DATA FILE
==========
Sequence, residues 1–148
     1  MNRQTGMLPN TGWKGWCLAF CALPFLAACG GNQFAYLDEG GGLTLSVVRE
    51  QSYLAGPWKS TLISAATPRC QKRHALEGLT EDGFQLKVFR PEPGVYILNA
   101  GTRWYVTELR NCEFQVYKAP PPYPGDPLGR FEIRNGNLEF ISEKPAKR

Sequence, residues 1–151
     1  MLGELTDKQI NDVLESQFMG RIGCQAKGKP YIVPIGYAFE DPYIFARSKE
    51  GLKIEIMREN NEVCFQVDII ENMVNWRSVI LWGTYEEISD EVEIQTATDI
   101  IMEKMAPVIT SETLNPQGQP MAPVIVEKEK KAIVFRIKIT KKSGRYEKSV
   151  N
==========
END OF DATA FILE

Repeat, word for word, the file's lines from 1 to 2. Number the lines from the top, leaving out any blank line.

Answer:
Sequence, residues 1–148
     1  MNRQTGMLPN TGWKGWCLAF CALPFLAACG GNQFAYLDEG GGLTLSVVRE